Smart device audio power harvesting glucose meter

A smart device audio power harvesting glucose meter and a system and method for blood glucose measurement and monitoring. The glucose meter operates by harvesting the micro amp power from the audio port of a smart phone or other handheld smart device and does not need batteries or other power sources for its operation. A smart glucose monitoring application downloaded and embedded in the smart phone or other hand held smart device stores results of the glucose measurements in a personalized cloud database to be accessed by the user and shared with physicians, emergency personnel, friends, or family members if needed through automated phone calls, SMS/text, or emails. The smart glucose monitoring application is self learning and has an option for self ordering test strips based on the needs of the user.

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Description

FIELD OF THE INVENTION

The present invention is generally related to glucose meters and blood glucose monitoring systems. More particularly, the invention relates to blood glucose meters integrated with handheld smart devices such as cell phones, smart phones, personal digital assistants (PDAs) and other similar devices.

BACKGROUND OF THE INVENTION

The use of portable glucose meters for measuring and monitoring blood glucose levels has been in vogue for more than two decades. The majority of such glucose meters measure and display blood glucose levels on the small screen of the devices themselves when a specially treated test strip holding the blood droplet collected from a user is inserted through an aperture provided on the meter. Besides the measurements of blood glucose levels, current technology for these glucose meters is restricted to the display of features such as the date, time, and limited memory for retrieving present and past test results due to the limitations in memory and software available on the devices.

More recently, there have been several attempts to integrate glucose meters with smart phones such as the iPhone and related devices such as the iPod. These “Glugophones” as they are popularly known require the complete replacement of both the phone and the glucose meter that is integrated with the phone if either of them is damaged. The use of wireless technology to integrate glucose measuring devices with smart phones has also been explored by various groups. US Pat. Appl. Pub. No. 2010/0331645 describes a blood glucose meter comprising a measurement module and a wireless module which is operable to wirelessly communicate and transmit the result of blood glucose measurements from the glucose meter to a portable communication device such as a cellular phone, smart phone, or PDA. The glucose meter device of US Pat. Appl. Pub. No. 2010/0331654 is described as being wirelessly capable of communicating directly to a mobile phone network so as to provide data or messages stored on the meter. WO 2010/138817, describes a glucose monitor with only a test strip reader and wireless pairing with a smart phone for data communication.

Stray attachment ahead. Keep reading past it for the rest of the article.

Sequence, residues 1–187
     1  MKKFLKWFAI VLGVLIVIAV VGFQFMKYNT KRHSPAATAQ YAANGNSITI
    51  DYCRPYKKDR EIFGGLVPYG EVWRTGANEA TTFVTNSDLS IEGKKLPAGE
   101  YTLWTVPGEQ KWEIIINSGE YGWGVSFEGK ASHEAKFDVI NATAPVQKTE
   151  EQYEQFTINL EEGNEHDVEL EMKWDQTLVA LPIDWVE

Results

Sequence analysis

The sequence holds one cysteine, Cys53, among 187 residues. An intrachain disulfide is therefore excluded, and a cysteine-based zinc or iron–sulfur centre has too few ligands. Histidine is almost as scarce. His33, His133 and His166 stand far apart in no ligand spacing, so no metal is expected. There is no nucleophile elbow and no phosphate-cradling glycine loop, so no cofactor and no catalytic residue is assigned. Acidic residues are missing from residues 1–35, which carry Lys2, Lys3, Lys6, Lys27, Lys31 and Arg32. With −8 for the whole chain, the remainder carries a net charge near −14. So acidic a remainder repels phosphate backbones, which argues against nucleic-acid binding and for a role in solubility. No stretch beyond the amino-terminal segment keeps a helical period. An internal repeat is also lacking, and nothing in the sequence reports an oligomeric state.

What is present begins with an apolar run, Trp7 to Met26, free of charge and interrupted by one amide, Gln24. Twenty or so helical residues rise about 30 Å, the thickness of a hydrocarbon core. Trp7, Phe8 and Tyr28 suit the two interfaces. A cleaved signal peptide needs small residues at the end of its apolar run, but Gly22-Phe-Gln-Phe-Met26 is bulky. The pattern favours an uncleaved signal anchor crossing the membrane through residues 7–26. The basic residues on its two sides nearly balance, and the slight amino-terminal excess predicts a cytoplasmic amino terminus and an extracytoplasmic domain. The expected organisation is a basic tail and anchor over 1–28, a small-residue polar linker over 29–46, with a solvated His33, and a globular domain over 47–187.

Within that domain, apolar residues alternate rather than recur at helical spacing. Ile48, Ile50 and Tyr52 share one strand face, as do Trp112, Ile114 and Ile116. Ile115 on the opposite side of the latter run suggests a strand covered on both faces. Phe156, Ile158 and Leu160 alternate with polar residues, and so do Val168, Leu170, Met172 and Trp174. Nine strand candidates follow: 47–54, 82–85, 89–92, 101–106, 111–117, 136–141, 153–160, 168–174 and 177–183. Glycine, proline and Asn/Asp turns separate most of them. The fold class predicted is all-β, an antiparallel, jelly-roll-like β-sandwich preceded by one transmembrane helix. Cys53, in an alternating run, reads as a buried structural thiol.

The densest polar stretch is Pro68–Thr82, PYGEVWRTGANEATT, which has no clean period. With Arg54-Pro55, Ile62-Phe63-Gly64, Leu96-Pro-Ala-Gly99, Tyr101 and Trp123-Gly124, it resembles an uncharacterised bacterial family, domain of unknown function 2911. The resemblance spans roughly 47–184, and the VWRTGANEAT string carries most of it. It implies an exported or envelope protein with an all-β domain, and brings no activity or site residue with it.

The need for continuous glucose monitoring for diabetes management has necessitated the retrieval and storage of blood glucose measurements over a period of time lasting several hours, days, weeks and months. Instruments for continuous glucose monitoring generally collect the measurements and store them in a database for analysis by a health care provider. U.S. Pat. No. 7,912,674 to Killoren Clark et al., describes a method for processing, recording and storing a chronological sequence of measurements in a database and displaying at least three of the measurements simultaneously and graphically on a user interface such as a PDA, personal computer, a cellular phone, or smart phone.

The glucose meters in general and those described in the patent and publications operate by battery power or in the alternative from another power source such as an AC outlet. US Pat. Appl. Pub. No. 2010/0279418 describes a glucose device that is attached to the standard power connector interface of a handheld device such as an iPhone or iPod to communicate the glucose measurements to the handheld device. The device is either self powered by a rechargeable or replaceable internal battery or derives its power off the handheld device power connector interface.

The present invention is an improvement over the limited prior art relating to the use of blood glucose meters integrated with handheld smart devices such as cellular phones, the iPhone, PDA's and other similar devices. Unlike the described glucose meters in the prior art, the glucose meter of the present invention does not need batteries or other external power source for its operation. Neither does the glucose meter of the present invention use the power from the power connector interface of a smart phone or other handheld smart device for its operation. The glucose meter of the present invention operates solely by harvesting the power from the audio port of the handheld smart phone such as an iPhone or other handheld smart device.

SUMMARY OF THE INVENTION